One of the best ways to enhance your unit positioning is by using the terrain for yourself and against the opponent. For example, Zealots are much stronger against Zerglings when against the wall. This means Zerglings cannot get a surround on the Zealots and allows them to last much, much longer. Other ways to use the terrain are placing magic casters (High Templar, Raven) on the high ground where ground forces cannot see them - then strike with auto-turrets or Seeker Missiles against enemies unaware. Although ground units can attack from the top of a cliff without fear of counter-attack as long as the opponent does not have vision, any flying units that attack from over a cliff immediately give away their position and the opponent can attack back. Keeping the opponent in the dark about where and how your units can attack his through superior unit positioning is often the key to victory.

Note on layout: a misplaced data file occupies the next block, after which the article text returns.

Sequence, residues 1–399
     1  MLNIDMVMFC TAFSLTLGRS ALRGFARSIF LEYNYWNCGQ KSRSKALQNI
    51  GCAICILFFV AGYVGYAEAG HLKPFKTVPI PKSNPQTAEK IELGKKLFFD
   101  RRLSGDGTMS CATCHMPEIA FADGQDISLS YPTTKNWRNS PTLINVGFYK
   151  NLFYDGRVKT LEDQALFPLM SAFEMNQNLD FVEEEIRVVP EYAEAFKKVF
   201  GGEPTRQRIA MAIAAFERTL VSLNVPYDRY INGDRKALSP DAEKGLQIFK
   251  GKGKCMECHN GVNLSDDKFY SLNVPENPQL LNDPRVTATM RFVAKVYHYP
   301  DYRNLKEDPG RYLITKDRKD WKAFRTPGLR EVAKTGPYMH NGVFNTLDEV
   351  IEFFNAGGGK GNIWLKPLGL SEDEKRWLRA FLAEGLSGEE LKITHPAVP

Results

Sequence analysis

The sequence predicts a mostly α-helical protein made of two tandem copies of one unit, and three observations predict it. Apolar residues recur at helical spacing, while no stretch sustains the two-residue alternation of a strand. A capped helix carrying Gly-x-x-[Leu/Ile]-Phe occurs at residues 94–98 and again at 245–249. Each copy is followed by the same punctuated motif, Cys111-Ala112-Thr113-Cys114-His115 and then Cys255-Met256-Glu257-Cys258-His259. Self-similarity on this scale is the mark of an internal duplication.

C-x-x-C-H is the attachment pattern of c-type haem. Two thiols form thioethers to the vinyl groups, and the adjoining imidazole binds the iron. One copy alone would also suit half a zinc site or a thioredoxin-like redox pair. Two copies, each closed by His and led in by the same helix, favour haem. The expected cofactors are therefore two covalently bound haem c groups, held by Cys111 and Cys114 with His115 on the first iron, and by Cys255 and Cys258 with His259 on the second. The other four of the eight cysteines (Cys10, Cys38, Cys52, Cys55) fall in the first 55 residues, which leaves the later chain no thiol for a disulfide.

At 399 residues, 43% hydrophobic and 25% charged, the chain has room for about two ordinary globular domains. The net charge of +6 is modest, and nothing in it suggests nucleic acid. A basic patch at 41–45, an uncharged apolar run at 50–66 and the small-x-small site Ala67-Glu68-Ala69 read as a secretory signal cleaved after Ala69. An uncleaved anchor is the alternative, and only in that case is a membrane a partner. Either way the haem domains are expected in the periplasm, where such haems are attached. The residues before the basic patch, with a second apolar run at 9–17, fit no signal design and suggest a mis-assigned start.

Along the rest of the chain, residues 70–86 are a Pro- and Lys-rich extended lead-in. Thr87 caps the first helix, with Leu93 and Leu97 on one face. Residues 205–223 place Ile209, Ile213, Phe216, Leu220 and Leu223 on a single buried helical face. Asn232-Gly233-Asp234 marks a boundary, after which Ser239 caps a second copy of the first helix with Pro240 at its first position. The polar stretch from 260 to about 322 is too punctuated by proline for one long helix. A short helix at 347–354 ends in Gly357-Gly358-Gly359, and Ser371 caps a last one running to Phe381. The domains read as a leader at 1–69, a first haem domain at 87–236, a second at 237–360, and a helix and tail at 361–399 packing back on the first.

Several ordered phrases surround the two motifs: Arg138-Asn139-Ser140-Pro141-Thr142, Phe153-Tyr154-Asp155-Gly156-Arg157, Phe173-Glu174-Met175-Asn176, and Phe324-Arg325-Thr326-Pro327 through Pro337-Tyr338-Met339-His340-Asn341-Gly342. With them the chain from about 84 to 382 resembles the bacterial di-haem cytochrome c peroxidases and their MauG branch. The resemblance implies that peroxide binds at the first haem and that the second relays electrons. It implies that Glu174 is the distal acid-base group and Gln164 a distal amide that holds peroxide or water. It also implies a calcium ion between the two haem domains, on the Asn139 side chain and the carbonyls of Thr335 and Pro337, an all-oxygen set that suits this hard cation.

The so-called deathball is a technique where a player or players gathers all of their forces into a single group and marches around the map killing everything in their path. Most common with Zerg and Protoss, the opponent has to either counter with a deathball of their own, try to pick it apart, or to try and quickly base trade, winning the game by eliminating all enemy structures.

There are alternative ways to win via positioning. Engaging a deathball at multiple angles maximizes one's damage output against the deathball.